Date: 1/22/19 7:53 pm From: Thomas Robben via CTBirds <ctbirds...> Subject: Re: [CT Birds] one bird ? : 2016 Avon - Curlew Sandpiper?
By the way, it just doesn't look like 100% pure Curlew Sandpiper to me. It certainly could be a hybrid, such as Frank mentioned. Meanwhile I just added a few more photos of this gorgeous species at this site -- enjoy: https://notes99.blogspot.com/
On Tue, Jan 22, 2019 at 5:03 PM Thomas Robben <robben99...> wrote:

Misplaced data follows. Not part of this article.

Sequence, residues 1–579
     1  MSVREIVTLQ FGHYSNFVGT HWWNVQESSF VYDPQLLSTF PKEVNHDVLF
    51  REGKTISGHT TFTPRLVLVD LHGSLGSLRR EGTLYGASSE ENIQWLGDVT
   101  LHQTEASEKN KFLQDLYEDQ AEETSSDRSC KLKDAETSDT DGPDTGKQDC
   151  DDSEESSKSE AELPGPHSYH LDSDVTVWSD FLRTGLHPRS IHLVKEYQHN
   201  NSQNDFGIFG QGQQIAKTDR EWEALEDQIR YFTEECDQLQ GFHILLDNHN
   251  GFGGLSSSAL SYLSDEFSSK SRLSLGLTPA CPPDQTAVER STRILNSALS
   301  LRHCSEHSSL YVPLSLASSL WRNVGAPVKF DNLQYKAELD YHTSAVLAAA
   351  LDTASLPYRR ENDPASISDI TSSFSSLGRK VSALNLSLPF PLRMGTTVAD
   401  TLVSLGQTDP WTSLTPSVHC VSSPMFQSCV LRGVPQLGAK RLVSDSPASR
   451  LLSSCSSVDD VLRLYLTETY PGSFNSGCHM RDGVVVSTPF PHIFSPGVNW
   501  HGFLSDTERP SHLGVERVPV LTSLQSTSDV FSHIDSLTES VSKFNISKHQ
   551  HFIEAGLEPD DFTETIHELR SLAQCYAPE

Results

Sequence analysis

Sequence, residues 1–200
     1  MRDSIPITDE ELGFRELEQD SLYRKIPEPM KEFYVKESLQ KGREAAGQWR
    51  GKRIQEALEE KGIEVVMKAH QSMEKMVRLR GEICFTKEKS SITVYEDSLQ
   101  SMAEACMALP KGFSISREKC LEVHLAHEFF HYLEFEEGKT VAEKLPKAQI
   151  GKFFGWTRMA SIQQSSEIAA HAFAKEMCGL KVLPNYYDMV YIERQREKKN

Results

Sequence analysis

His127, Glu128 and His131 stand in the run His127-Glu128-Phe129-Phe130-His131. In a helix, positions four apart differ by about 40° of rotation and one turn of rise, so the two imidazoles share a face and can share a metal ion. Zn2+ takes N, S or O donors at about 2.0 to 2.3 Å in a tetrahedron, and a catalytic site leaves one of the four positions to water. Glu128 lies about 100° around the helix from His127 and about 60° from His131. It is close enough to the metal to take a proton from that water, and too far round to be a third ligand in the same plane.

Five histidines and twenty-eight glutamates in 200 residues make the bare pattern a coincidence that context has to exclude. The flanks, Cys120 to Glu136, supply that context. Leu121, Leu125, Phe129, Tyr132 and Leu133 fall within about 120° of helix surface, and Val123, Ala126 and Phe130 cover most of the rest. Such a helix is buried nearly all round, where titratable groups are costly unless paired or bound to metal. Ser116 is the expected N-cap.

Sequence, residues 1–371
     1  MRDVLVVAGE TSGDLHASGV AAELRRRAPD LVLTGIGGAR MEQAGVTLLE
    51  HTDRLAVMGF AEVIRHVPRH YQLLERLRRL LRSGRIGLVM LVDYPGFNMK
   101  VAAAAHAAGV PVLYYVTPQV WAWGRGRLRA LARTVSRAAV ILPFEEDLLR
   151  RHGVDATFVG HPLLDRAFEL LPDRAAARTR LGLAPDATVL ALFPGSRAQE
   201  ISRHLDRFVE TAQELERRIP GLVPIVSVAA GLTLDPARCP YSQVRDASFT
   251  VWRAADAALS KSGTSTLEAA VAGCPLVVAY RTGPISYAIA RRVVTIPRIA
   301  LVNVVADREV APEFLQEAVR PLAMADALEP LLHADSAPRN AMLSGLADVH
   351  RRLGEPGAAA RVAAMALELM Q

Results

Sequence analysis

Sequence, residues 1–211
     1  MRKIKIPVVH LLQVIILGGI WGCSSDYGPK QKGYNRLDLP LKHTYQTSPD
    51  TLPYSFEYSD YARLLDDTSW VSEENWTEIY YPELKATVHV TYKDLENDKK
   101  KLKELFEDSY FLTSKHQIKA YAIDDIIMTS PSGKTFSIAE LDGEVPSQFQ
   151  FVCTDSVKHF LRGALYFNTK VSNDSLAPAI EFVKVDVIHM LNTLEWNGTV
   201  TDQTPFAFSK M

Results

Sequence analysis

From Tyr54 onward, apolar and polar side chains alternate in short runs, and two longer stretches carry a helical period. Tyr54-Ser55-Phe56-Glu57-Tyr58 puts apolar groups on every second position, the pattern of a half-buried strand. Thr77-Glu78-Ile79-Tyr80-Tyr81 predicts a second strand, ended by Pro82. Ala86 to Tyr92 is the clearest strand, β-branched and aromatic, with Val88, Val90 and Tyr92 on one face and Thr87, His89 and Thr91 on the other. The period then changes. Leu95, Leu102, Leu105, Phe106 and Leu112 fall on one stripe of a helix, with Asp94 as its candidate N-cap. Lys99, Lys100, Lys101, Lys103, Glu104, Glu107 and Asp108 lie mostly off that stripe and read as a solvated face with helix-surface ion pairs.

> Hello David, > Are you sure this is one individual and not TWO different birds in your > several photos, from 2016 ? > I am looking at your photos for the long legs, the perfectly decurved > bill, the beautiful body shape, and the usually upswept tail section of a > typical of curlew sandpiper, and would not bet all my marbles on any of > these bird(s) combining all those characteristics. > You can see Harvey Tomlinson's GREAT photo of a curlew sandpiper in NJ if > you click on this link and scroll down: > http://notes99.blogspot.com/2011/05/southern-new-jersey.html > > Incidentally there was at least one curlew sandpiper in SW NJ in May 2016, > but if you look at the photos of that bird, on eBird, it does not look > exactly like your September 2016 bird: > https://ebird.org/view/checklist/S29882769 > > Anyway, that is my two-cents, for what its worth. > If I had to bet more than that, I would vote against this being a curlew > sandpiper. > > Tom Robben > Glastonbury CT > > > > On Tue, Jan 22, 2019 at 3:18 PM Frank Mantlik via CTBirds < > <ctbirds...> wrote: > >> Hello David,Thank you for your post about a very interesting shorebird >> that you observed and photographed in Avon in Sept 2016. Several of the >> state's top birders saw your eBird list with three photos, and we agree it >> is an unusual bird. It is clearly not a typical Pectoral Sandpiper, Curlew >> Sandpiper, nor Dunlin. (The photo of a shorebird by Lea Shaw earlier does >> look like a Pectoral Sandpiper to me). >> Several of us think that your bird might be a "Cox's" Sandpiper. This is >> a little known taxa that was once (1955?) thought to be a new species, but >> since with the aid of DNA analysis, is described as a hybrid between >> Pectoral and Curlew Sandpipers. While the photos aren't great, your bird >> seems to exhibit a decurved, fine-tipped bill (recalling Curlew Sandpiper), >> a heavily-patterned breast (like Pectoral Sandpiper), and dull >> greenish/dark legs. Several of us think the bird looks too "leggy" and the >> bill too uniformly decurved for an aberrant Pectoral. >> Cox's Sandpiper has occurred in Australia, Japan, and a juvenile from >> Duxbury Beach, Massachusetts (Sept. 1987- a bird which I chased, but did >> not see). Another possibility would be Pectoral X Dunlin. >> I/we would love to see the original photos, if possible. Thanks much for >> bringing this to our attention. Hopefully others will also chime in >> On Monday, January 21, 2019, 8:00:06 PM EST, David Lawton via CTBirds >> <ctbirds...> wrote: >> >> Spent a couple hours this evening uploading photos from various birding >> trips over the past few years and happened upon some ID photos from a bird >> I believe I misidentified as a Pectoral Sandpiper at Fisher Meadows in >> September 2016 (light wasn't great and I believe one had been reported >> there... so I was biased). I took some photos but didn't study them, until >> this evening. >> >> Here is the eBird report, with the photos I uploaded and my thinking re >> the >> ID: https://ebird.org/view/checklist/S31659641 >> Here is the description based on going through the photos and looking at a >> lot of books and photos online: >> >> >> I have been adding photos I've taken over the past several years to eBird >> sightings. When I came upon this bird that I had identified as a Pectoral >> Sandpiper previously, I realized it didn't look quite right. Even a >> juvenile Pectoral doesn't have a bill like that. Bill is long and >> downcurved. Scaly above (unlike Dunlin, and base of bill thinner than >> Dunlin); stature not like Stilt Sandpiper, and bill not as thick. Bairds >> would be scaly but not as reddish and would not have quite the long, >> decurved bill and greater primary projection. Appreciate any comments, but >> it sure looks like a Curlew Sandpiper to me. The contrasty breast is not >> typical for Curlew S. but some juveniles have it more than others. Note in >> one photo (with Semipalmated Sandpiper, the white blotch by the throat, I >> believe, is a plant and not part of the bird. >> >> Would love some input here! >> >> >> David Lawton >> Avon, CT >> -- >> D. Lawton >> _______________________________________________ >> This list is provided by the Connecticut Ornithological Association (COA) >> for the discussion of birds and birding in Connecticut. >> For subscription information visit >> http://lists.ctbirding.org/mailman/listinfo/ctbirds_lists.ctbirding.org >> >> _______________________________________________ >> This list is provided by the Connecticut Ornithological Association (COA) >> for the discussion of birds and birding in Connecticut. >> For subscription information visit >> http://lists.ctbirding.org/mailman/listinfo/ctbirds_lists.ctbirding.org >> > _______________________________________________ This list is provided by the Connecticut Ornithological Association (COA) for the discussion of birds and birding in Connecticut. For subscription information visit http://lists.ctbirding.org/mailman/listinfo/ctbirds_lists.ctbirding.org